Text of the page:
Daly: On the staff side, we’re also finding a push to reconsider a remote workplace opportunity. We have staff who are considering split shifts to take care of families, we have a lot of essential workers that are mothers and fathers and we need to meet them halfway to ensure that they have jobs and they can service the clients we have and take care of their families. This has given us an opportunity to consider a new model of, do therapists need to come in and necessarily be in the office? I think not only are the clients liking it, but we have some staff that are liking it. And when they like it, the staff, they’re given variable hours. We’re starting to see things where therapists are. They’re being innovative right now in this disruption and I think its something we need to pay attention to and it’s something that we need to continue to think about as we move forward.
Has expanding telehealth services meant an increase in access to mental health services by Klickitat County residents?
Cardwell: In the larger system, we are seeing a decrease in no-show rates and a decrease in cancellations. I think people are liking the access we can give them so they don’t have to come into the office. We are seeing some data that supports the use of telehealth and definitely we need to take that opportunity to move forward and avail that technology to ourselves and our clients. One of our barriers of concerns is that some of our clients, particularly in the rural areas, are met with a technological ceiling. There are people we can’t serve, they really don’t have adequate technology. We can’t assume telehealth is going to be the go-to that serves everybody.
Are there any services you are unable to offer at this time?
Cardwell: We have a medication provider, we have a physician assistant who is able to offer telehealth services, we are still providing our substance abuse services, we are doing individual psychotherapy. If it’s a appropriate, we can also do telehealth crisis response to our hospitals. If the ER is very busy, our hospitals have machines which they can roll into a patient's room for us to perform telehalth services. The only service we are still trying to figure and work on is group therapy. We have plans to expand that. We’re looking at sharing resources between our different sites to share staff, to make sure we can increase services. It forces us to think outside the box and be better stewards of our resources.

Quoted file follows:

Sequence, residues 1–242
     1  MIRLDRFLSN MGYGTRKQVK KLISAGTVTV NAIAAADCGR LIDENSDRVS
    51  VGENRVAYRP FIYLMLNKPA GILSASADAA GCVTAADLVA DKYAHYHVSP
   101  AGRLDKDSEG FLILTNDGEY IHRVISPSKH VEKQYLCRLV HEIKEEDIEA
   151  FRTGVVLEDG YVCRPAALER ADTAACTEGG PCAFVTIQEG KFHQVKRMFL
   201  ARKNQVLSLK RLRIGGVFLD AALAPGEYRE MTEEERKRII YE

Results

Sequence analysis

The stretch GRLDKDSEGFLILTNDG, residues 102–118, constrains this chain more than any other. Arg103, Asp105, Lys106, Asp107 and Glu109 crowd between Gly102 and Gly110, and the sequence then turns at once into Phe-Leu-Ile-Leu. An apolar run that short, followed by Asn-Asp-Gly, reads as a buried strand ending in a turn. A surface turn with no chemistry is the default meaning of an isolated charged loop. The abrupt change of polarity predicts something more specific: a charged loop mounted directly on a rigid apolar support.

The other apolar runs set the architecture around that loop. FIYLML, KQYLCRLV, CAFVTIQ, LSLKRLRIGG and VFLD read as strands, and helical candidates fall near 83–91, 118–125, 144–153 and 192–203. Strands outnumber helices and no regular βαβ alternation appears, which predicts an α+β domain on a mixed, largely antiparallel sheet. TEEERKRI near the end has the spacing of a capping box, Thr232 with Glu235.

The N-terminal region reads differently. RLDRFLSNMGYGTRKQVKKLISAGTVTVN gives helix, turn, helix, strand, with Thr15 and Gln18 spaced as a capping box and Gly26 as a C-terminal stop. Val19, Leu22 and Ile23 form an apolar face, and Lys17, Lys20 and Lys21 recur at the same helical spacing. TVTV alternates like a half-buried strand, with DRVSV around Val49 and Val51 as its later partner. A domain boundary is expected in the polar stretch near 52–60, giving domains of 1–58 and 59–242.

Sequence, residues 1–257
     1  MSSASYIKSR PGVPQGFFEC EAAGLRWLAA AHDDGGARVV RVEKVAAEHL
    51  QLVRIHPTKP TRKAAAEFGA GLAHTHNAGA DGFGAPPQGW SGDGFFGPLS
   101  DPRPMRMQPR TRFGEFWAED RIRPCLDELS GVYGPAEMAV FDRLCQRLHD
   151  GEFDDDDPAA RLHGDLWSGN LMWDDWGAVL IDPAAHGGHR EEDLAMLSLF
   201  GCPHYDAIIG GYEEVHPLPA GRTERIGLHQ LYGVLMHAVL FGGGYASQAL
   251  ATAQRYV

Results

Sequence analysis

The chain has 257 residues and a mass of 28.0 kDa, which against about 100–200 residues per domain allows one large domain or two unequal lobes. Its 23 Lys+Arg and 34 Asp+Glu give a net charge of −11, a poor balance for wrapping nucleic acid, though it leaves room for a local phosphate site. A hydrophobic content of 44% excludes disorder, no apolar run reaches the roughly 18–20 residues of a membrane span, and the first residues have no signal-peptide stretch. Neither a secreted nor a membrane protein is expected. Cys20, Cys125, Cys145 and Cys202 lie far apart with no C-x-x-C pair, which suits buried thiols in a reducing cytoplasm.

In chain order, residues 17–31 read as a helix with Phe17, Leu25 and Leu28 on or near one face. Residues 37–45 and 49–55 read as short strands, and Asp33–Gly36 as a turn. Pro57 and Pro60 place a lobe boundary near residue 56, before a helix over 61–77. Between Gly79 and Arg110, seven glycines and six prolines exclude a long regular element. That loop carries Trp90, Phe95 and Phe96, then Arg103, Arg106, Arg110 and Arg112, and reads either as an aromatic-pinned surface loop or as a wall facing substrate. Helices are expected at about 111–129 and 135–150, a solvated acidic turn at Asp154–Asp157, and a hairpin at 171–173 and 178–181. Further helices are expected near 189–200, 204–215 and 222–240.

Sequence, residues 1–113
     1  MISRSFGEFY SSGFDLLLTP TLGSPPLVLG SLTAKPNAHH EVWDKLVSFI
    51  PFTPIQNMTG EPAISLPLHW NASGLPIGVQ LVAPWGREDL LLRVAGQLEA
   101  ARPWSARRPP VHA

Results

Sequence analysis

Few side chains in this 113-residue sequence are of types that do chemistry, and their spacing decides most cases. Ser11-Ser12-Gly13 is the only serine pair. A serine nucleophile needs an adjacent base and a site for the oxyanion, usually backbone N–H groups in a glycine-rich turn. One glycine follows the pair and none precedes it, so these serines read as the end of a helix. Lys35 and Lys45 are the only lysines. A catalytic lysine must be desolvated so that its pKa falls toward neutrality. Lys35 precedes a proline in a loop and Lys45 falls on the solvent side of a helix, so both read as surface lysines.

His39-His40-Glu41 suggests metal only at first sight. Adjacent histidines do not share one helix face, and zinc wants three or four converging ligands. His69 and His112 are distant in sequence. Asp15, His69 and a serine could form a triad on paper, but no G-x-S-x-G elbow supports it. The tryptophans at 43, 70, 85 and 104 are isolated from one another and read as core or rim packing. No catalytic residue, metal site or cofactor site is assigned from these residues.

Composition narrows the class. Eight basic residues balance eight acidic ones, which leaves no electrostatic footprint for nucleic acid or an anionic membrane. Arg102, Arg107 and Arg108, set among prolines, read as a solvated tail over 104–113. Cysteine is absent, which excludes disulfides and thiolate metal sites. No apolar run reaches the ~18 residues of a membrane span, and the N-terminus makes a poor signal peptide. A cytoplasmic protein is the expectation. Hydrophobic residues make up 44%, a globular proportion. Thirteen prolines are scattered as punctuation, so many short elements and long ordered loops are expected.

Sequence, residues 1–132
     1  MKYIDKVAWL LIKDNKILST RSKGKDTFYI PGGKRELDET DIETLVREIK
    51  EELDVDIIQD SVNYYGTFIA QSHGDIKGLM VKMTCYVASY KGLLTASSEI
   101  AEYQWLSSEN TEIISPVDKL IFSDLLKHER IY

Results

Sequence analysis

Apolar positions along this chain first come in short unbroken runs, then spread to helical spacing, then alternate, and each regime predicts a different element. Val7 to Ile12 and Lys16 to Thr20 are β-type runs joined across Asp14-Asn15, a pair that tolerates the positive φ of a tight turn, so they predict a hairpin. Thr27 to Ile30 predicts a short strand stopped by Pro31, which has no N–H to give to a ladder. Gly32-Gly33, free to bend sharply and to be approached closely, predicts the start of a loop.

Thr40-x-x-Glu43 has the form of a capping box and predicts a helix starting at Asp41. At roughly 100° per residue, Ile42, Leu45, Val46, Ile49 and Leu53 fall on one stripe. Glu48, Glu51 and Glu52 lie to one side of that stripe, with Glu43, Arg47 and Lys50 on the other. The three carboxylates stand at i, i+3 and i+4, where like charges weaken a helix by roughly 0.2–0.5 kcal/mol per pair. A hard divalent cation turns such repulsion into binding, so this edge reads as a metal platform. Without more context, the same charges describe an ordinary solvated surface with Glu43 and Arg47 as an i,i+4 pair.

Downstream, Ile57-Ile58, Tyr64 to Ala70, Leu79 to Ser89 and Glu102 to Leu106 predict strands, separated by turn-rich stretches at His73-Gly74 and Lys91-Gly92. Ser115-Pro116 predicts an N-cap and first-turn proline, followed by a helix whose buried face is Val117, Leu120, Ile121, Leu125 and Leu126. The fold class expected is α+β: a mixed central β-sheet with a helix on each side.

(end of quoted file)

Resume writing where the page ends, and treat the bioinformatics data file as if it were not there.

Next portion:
What should readers know about mental health in Klickitat County?
Daly: I hope they know Comprehensive Healthcare is open, willing and accessible. If someone is in need, please call us. We’re going to demonstrate that you can trust us, you can count on us, we will link you to the appropriate resources.
Cardwell: For Klickitat County specifically, one of the things we are trying to do specifically ... even though other organizations are seeing furloughs, we are actually hiring more staff down here in Klickitat County. Not only are we here, we have capacity to meet with folks, we don’t have a waitlist. Doing teleheath, if a patient has to cancel or no-show, we’re able to call (other patients) and conduct services ahead of schedule. It’s harder to do that with face-to-face therapy because people have to drive in. Another thing I want people to know is we definitely work with our community partners. We have a large continuum of care. It’s hard to find programs that offer such a broad continuum of care. Yes, Klickitat County is rural, and we might be small in population, but we can still offer good quality care and get folks what they need. We’re open 8-5, Mon-Fri. We have a crisis line that gets answered 24/7. Our organization is the one that responds to emergency rooms if folks are in crisis.
I would also encourage people to take time for yourself. With kids being home and all the extra pressures that we have in our life, sometimes we need to address some stuff. There are people here in White Salmon and Goldendale can talk with folks and meet with needs.